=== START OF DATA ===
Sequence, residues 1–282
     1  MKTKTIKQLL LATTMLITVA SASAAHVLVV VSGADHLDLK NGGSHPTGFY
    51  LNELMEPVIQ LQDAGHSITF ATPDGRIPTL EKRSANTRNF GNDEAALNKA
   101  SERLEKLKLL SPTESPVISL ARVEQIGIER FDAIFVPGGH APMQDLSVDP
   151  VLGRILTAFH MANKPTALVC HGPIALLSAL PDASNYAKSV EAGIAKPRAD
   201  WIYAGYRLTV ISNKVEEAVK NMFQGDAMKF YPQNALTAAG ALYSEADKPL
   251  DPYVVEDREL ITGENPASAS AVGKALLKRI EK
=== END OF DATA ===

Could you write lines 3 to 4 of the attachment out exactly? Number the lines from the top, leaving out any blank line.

    51  LNELMEPVIQ LQDAGHSITF ATPDGRIPTL EKRSANTRNF GNDEAALNKA
   101  SERLEKLKLL SPTESPVISL ARVEQIGIER FDAIFVPGGH APMQDLSVDP